The book review is by Allan Massie:


Tatiana de Rosnay tells us that, at the age of 11, when she first opened a copy of “Rebecca,” she “had no idea how important that novel would become in my life.” We may believe her, but its author, Daphne du Maurier, might have bridled. Just as Conan Doyle came to resent Sherlock Holmes because he overshadowed the historical novels that Doyle valued more highly, so it irritated du Maurier to be known principally for “Rebecca,” which was made into what is now a classic film by Alfred Hitchcock.

But Ms. de Rosnay is right to highlight that best-selling 1938 novel. It made du Maurier famous. If other du Maurier novels are still read—for instance, “Jamaica Inn” and “My Cousin Rachel,” if not, alas, “The Progress of Julius,” a remarkably harsh, chilling unromantic early book—it is because of “Rebecca.” It may be derivative, a reworking of “Jane Eyre” with a sub-Byronic hero and a fascinating and mysteriously dead first wife replacing a mad one in the attic. It may be full of clichés. It doesn’t matter. The novel is still compellingly alive.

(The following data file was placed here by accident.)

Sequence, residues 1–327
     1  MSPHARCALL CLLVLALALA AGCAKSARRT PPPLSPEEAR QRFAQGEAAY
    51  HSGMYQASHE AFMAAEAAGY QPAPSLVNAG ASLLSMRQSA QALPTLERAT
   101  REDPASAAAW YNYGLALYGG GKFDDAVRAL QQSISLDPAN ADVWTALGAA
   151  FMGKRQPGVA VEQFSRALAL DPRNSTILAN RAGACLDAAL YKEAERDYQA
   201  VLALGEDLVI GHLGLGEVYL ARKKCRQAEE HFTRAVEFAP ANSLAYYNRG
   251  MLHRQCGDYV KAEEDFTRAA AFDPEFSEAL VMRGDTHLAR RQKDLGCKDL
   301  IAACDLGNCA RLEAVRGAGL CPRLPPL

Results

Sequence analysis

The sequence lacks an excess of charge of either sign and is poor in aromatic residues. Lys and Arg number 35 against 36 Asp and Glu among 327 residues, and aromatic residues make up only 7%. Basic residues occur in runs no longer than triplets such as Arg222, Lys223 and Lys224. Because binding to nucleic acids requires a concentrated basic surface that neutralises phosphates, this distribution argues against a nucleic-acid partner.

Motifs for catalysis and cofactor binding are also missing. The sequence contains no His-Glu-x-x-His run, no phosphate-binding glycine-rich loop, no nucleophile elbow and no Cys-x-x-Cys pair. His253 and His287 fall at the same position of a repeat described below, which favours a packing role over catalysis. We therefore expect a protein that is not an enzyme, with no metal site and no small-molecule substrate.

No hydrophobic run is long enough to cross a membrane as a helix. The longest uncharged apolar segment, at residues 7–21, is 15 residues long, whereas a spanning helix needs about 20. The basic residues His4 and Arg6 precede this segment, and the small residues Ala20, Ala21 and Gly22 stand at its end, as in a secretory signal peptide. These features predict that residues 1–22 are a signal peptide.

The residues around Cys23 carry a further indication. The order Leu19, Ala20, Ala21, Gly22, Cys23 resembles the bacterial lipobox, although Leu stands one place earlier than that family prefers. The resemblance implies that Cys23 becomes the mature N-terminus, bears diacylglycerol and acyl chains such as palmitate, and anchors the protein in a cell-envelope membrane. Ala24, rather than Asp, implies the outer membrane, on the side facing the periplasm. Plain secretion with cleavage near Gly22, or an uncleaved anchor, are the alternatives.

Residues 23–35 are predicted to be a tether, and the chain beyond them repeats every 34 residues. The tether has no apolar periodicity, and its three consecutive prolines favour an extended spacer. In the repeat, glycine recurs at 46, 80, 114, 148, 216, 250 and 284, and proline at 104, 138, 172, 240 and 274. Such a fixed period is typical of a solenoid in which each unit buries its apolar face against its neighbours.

Daphne du Maurier was born in 1907, in London, into the upper reaches of bohemia. Her grandfather George was an artist and the author of the best-selling novel “Trilby” (known best for the character Svengali). Her father, Gerald, with whom she had an intense, perhaps unhealthily intense, relationship, was a star of the London theater. Her cousins, the Llewelyn-Davies boys, inspired J.M. Barrie to write “Peter Pan.”

There was something of Peter in Daphne. As a young girl she wanted to be a boy and invented for herself an alter ego called Eric Avon. The boy never quite died in her.

She was educated partly in France, her paternal ancestors’ country. There she fell in love with a schoolmistress who encouraged her writing. Later she would have intense emotional friendships with other women, notably the actress Gertrude Lawrence and Ellen Doubleday, the wife of her American publisher. In the course of writing to Doubleday, Ms. de Rosnay says, du Maurier “admits what she thinks she is: a strange hybrid, a woman with the soul of a boy.”

Her marriage to an army officer—Tommy Browning, who commanded airborne troops at Arnhem in World War II and later became a member of the royal household as Prince Philip’s comptroller and treasurer—was sometimes difficult and stormy, partly because she was a writer first and a wife second, partly because he suffered from nervous exhaustion after the war and was unfaithful to her. But the marriage endured, with affection—and guilt—on both sides.